Among the many tools used in the fight against the global pandemic, officials utilize a practice known as contact tracing to help identify hotspots of potential spread. Essentially, it involves reviewing the history of an individual that tests positive for covid-19. By going over their movements and interactions, officials trace other potential infections. Then, through isolation, they prevent those infections from multiplying.
In an effort to bolster the use of contact tracing, tech giants Google and Apple teamed up to create a system using phone data to more effectively trace a person’s whereabouts. The project, known as Bubble, uses Bluetooth technology to alert individuals when they come in close proximity to a known positive covid-19 case.
The first phase launches in May with an app available to download. Those that opt in get updates about cases they may have come into contact with. When a person tests positive for covid-19, they input that into the app. Subsequently, the app uses location data from the preceding 14 days to alert anyone that person crossed paths with.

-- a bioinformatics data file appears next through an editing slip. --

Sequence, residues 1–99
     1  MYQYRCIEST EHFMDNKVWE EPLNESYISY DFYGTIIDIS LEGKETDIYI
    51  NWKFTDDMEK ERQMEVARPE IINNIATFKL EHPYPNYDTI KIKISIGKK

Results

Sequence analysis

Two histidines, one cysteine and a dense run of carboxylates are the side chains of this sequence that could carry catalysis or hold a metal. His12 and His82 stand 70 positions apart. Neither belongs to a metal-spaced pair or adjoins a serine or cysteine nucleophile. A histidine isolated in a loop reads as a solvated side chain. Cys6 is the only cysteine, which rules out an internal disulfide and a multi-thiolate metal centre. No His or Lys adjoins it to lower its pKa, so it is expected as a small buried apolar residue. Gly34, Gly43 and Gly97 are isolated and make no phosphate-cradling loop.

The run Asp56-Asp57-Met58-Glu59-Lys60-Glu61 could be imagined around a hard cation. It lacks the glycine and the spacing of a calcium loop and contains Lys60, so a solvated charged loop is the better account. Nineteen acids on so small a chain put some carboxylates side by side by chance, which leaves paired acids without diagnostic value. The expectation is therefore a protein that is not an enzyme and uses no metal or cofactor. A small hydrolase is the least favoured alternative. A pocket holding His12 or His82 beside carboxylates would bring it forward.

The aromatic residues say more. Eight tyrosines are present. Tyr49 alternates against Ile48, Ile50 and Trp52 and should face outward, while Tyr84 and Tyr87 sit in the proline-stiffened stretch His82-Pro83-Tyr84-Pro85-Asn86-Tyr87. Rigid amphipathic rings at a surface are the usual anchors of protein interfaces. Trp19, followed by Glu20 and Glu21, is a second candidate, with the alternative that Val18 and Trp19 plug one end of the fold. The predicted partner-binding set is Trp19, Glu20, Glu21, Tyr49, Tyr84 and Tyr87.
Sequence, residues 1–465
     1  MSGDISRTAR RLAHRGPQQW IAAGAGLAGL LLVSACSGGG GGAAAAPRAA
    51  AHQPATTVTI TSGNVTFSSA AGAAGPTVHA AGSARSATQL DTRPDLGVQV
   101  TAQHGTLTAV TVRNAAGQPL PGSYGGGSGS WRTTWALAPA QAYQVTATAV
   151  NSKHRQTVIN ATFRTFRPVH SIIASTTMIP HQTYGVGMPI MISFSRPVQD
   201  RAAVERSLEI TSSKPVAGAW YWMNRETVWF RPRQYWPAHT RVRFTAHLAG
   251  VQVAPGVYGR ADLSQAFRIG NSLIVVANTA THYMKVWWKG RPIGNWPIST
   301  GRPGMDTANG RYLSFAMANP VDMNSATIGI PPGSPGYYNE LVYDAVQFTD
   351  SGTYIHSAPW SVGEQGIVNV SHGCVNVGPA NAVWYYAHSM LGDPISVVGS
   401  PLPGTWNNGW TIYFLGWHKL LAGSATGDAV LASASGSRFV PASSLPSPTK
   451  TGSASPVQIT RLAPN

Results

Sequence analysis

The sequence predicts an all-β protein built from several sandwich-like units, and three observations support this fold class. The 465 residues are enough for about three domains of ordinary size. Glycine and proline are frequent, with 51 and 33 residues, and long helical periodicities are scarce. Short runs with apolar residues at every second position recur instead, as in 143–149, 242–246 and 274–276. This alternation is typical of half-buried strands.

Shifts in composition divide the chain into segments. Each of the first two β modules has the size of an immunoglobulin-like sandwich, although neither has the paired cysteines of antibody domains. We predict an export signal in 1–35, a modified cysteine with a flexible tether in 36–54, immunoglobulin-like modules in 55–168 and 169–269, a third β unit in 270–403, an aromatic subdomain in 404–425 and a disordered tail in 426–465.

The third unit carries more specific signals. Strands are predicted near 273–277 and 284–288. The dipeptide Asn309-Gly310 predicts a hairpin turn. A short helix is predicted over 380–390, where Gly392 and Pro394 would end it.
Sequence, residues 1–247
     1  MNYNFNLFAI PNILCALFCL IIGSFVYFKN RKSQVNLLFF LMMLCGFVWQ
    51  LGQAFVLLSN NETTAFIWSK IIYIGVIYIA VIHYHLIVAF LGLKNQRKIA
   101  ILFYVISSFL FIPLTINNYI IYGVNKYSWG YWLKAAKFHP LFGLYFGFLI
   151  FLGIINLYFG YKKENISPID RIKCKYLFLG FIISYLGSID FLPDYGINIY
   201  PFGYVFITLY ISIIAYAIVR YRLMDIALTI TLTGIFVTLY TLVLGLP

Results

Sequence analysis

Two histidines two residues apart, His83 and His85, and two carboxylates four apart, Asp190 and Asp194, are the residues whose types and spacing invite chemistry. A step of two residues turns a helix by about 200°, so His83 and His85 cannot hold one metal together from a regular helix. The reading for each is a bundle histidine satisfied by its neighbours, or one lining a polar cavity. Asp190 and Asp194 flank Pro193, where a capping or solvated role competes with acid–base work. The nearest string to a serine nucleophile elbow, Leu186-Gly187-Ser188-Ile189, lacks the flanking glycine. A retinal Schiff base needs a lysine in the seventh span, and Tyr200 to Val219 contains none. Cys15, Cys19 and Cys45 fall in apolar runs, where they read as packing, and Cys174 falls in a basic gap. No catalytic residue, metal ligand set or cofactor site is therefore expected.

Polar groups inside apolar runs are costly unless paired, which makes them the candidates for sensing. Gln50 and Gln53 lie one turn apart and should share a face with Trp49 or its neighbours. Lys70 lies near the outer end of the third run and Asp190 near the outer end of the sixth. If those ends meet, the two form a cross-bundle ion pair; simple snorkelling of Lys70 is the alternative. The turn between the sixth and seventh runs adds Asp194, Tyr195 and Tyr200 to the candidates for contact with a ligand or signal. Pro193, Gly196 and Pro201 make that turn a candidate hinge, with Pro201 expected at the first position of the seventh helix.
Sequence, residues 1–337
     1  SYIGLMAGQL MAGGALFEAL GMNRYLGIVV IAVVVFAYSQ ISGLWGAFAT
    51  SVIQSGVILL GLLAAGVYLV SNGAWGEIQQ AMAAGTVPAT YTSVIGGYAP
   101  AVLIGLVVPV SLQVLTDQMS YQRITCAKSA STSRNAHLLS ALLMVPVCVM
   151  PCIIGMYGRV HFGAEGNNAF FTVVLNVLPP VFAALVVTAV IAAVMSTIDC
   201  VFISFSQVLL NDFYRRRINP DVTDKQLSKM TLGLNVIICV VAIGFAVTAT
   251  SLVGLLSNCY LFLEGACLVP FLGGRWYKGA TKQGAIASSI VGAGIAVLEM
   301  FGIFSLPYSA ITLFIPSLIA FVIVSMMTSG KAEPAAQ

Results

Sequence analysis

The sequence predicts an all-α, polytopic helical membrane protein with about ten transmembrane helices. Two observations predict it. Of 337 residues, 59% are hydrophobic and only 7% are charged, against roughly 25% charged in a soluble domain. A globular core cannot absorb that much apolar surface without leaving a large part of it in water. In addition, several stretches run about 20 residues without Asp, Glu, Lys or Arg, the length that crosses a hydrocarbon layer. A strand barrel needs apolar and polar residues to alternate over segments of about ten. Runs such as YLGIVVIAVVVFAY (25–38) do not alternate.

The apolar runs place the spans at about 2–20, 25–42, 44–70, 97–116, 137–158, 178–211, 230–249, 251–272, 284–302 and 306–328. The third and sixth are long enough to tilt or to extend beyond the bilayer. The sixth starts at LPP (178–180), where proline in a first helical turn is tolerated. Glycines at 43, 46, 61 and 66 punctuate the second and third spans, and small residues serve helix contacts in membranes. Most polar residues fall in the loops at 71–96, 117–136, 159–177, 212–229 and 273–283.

The information gathered by the app remains private, and location data stores for only 14 days. This encourages those afraid of privacy breaches to enroll in the program. The more people that sign on, the more effective a tool it presents.
According to a model produced by Oxford University scientists, an app like Bubble could end the pandemic. “Our models show we can stop the epidemic if approximately 60% of the population use the app,” wrote Christophe Fraser, a professor of Oxford’s Nuffield Department of Medicine.
After the initial phase, Apple and Google plan to incorporate the software into cell phone updates. However, users would still opt in to have their location data used for contact tracing purposes. Phase two doesn’t have a release date, but the companies said it will arrive in the coming months.